It was through a post-draft interview with Los Angeles Lakers sideline reporter Mike Trudell where the team’s fans first met Ivica Zubac.
The 7’1” Croatian big, who was taken in the second round of the 2016 NBA draft, immediately endeared himself to Lakers fans with his infectious smile, and a genuine childlike excitement in not only being drafted to NBA, but for being given the opportunity to join the Lakers — his favorite professional team growing up.
After his first set of Summer League games, fans of the team could not have been more thrilled for the rim protecting prowess “Zublocka” showcased. His natural instincts coupled with his solid hands, and soft touch around the rim on offense, hinted that the team may have drafted a steal.
His first season of action only added fuel to the fanbase’s excitement. Averaging a solid 7.5 points, 4.2 rebounds, and just under a block a game in only 16 minutes per contest, Zubac displayed — at the very least — that he belonged in the league.
Unfortunately, last season’s sophomore campaign quickly dampened many fan’s expectations, starting when the center struggled mightily in his second Summer League, in which he was regularly rejected at the rim and pushed off his spots by the opposition.
Contextually, it did not help his cause that the team used their second round pick on Thomas Bryant — a high motored big who flashed an ability to better keep up in the team’s new grab and go offense — and traded for a former All-Star center in Brook Lopez during the summer.
Zubac thus struggled to find minutes with the organization’s parent team last season, spending the majority of the year with the club’s G League affiliate, the South Bay Lakers.
His lack of opportunity was most evidently seen in despite playing in five more games in his second season, he somehow managed to play nearly 200 less minutes than his rookie year.
Despite all of this, the team surprisingly opted to retain the 21-year-old by guaranteeing his team option for this upcoming season, releasing the aforementioned Bryant in the process, thus setting the stage for what could be the pivotal season of his NBA career.
Lakers assistant coach Jesse Mermuys recently sat down with Trudell to discuss the upcoming season and new roster, in which he shared that he believes that James’ arrival and on court presence could hugely benefit Zubac:
“Those guys make the game easier for big guys, and Zu is a big boy. He’s skilled. He’s massive out there. He changes shots in the paint and at the rim when he’s playing big and confident. Young players always are on a little bit of a rollercoaster, and I think you saw that with Zu.
He’d have great games, and he’d have bad games, and that’s part of developing in the NBA. But, when you have better players, especially for big guys, it makes the game a lot easier for you to be more consistent. He could be competing for minutes, we’ll just have to see how it goes for him.”
James joining the team is just one of a few reasons to believe Zubac will have a puncher’s chance in rebuilding his NBA stock.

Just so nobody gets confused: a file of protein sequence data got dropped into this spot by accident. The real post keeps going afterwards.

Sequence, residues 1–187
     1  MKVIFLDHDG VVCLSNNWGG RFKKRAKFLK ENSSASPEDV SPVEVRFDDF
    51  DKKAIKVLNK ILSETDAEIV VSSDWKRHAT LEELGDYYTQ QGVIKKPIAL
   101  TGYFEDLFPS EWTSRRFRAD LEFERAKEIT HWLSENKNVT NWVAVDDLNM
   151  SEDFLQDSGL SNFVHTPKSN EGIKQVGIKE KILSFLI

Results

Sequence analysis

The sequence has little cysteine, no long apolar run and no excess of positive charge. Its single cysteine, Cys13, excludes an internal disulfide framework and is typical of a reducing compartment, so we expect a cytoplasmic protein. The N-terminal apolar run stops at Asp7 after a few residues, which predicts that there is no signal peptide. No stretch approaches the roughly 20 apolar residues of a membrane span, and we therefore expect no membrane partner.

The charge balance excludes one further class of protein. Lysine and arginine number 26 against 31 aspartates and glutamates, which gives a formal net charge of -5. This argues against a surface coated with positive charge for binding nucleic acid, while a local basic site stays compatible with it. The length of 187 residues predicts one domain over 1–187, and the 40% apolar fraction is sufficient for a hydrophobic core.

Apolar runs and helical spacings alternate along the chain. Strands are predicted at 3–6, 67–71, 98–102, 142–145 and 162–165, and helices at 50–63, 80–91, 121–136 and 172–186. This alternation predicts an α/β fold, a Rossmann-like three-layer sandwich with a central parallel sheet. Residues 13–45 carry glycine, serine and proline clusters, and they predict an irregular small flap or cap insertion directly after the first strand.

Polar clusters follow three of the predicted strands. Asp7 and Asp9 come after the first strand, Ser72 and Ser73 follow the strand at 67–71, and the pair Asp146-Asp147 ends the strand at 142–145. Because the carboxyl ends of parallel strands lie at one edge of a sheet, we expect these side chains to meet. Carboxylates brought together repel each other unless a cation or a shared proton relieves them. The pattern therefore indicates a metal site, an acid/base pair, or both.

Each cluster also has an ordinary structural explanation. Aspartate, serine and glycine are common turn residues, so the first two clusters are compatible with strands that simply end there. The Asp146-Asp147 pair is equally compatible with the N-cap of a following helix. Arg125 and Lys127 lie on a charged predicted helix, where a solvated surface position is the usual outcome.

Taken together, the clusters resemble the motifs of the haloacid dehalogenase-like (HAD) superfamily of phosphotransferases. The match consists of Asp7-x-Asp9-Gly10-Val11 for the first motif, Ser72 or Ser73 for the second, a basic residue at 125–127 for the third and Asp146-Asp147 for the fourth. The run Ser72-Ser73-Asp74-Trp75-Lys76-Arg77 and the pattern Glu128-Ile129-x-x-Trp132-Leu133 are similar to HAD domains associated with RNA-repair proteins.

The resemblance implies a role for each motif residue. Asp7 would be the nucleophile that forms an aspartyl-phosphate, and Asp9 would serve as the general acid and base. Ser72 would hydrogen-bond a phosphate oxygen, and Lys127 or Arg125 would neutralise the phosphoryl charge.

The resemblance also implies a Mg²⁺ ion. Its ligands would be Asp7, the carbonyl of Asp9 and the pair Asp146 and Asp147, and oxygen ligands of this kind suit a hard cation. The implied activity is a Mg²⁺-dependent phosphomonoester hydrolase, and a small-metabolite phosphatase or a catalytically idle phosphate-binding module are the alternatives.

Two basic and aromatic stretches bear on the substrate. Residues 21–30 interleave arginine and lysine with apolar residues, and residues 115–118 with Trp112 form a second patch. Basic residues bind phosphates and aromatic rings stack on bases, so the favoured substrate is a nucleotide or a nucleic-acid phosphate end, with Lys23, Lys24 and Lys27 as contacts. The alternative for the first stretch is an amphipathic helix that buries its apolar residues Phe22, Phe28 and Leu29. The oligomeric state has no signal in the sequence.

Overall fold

For one, the team is suddenly devoid of traditional centers in an offseason that saw Lopez sign with the Bucks, Julius Randle sign with the Pelicans, the aforementioned release of Bryant, and Javale McGee and rookie Moe Wagner being the only “centers” coming in over the summer.
McGee, who will be most likely slotted as the starting center, has not averaged more than 12 minutes a game since the 2013-14 NBA season. And for Wagner, it still remains to be seen how much run he immediately gets with the main roster as a rookie, therefor leaving the door open for Zubac to get considerable time with the new look Lakers, and specifically with one, LeBron James.
One of Mermuys’ common emphases throughout the interview was the help he believes the veterans, and James specifically, will provide Zubac and the rest of their young core through their ability to create.
A member of two rebuilding seasons in Los Angeles, Zubac has not consistently played with a prominent self and team creator. Though there were instances last season that provided glimpses that made for one of the better stretches of Zubac’s sophomore campaign, where he played alongside Isaiah Thomas in the Lakers’ bench unit.
Despite not being the former player he was, Thomas still maintained the ability to get into the paint and draw help defenders, which opened up drop-off chances and vertical avenues for Zubac to simply catch and finish, instead of catching the ball with his back to the basket.
The Thomas/Zubac experiment’s success should provide optimism that with James, one of basketball’s most prolific passers and gravity inducing forces in history, Zubac’s minutes should be substantially more “easier” and productive this upcoming season.
Mermuys also acknowledged the ups and downs young players, especially bigs, go through in the early stages of their career, drops Zubac exhibited last season. But with James in tow, he might just be in for some ups in his third campaign.